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I was previously a constitutional law and civil rights litigator and am now a journalist. I am the author of three New York Times bestselling books -- "How Would a Patriot Act" (a critique of Bush executive power theories), "Tragic Legacy" (documenting the Bush legacy), and With Liberty and Justice for Some (critiquing America's two-tiered justice system and the collapse of the rule of law for its political and financial elites). My fifth book - No Place to Hide: Edward Snowden, the NSA and the US Surveillance State - will be released on April 29, 2014 by Holt/Metropolitan.

Thursday, January 12, 2006

Bush courageously confronts tough questions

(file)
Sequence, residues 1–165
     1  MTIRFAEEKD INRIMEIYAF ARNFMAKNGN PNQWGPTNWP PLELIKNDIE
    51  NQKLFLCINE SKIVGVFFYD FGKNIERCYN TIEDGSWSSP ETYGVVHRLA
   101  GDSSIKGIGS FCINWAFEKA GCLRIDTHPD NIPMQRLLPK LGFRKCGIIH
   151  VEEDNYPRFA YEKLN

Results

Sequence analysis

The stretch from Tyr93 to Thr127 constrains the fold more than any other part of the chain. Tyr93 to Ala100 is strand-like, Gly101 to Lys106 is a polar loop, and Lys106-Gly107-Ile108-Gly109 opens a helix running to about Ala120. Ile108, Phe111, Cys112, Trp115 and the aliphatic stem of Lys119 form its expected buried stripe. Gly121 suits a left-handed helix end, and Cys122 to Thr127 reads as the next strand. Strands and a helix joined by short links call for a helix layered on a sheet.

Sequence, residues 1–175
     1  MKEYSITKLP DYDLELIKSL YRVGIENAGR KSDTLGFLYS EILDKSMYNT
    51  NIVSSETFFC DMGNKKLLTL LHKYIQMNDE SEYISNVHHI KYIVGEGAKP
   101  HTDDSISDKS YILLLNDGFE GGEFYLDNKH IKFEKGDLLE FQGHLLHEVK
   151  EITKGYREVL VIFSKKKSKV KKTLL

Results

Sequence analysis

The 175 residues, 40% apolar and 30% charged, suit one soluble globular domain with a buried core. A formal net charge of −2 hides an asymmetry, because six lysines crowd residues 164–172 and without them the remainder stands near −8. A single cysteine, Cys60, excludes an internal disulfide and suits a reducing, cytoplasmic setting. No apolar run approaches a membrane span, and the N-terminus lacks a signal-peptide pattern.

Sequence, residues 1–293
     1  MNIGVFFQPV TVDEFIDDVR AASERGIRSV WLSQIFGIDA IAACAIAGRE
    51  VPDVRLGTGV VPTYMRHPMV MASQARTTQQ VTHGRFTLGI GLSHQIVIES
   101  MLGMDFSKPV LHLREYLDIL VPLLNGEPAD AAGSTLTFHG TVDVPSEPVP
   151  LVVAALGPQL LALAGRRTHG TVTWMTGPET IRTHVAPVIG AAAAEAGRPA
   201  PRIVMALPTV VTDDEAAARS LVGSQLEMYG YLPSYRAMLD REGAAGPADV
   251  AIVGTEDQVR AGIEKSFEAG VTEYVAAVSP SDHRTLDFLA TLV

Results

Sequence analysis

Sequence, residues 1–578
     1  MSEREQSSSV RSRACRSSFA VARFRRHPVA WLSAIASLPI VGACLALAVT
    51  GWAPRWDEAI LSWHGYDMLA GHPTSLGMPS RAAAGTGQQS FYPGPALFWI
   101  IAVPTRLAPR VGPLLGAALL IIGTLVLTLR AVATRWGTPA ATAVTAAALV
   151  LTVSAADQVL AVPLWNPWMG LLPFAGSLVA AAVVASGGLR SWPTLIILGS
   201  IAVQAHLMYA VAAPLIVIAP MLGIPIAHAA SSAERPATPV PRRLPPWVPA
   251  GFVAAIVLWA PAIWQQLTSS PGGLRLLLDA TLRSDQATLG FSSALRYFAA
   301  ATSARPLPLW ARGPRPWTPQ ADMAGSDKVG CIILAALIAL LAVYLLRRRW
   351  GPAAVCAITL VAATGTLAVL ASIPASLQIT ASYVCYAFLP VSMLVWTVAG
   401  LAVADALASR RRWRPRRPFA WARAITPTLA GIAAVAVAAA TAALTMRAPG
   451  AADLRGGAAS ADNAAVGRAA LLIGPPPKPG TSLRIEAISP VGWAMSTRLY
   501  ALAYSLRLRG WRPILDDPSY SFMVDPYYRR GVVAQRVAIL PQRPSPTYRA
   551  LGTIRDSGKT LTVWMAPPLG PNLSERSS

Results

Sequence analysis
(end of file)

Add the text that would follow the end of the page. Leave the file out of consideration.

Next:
(UPDATE: I have another new post today at C&L regarding all of the pious civility sermons from Republicans to which we have been subjected over the last 24 hours ever since "Mrs. Alito" had her emotional breakdown.)

I have a new post up at C&L regarding the creepily reverent "questions" which George Bush was asked yesterday after his speech in Louisville, Kentucky. The President has been criticized for appearing only at events where he cannot be questioned, and the White House's response has been to manufacture "Q-and-A sessions" after Bush's speeches where one citizen after the next stands up and heaps worshipful praise on the "Commander-in-Chief." The "questions" are all along the lines of "Thank you for protecting us all. What can we do to help you?"

The one question Bush was asked yesterday about the NSA scandal basically demanded to know why the reporters who disclosed the illegal eavesdropping haven't been imprisoned yet. Bush laughed off the question with a coy joke. He is a powerful leader but also a magnanimous and kind leader.

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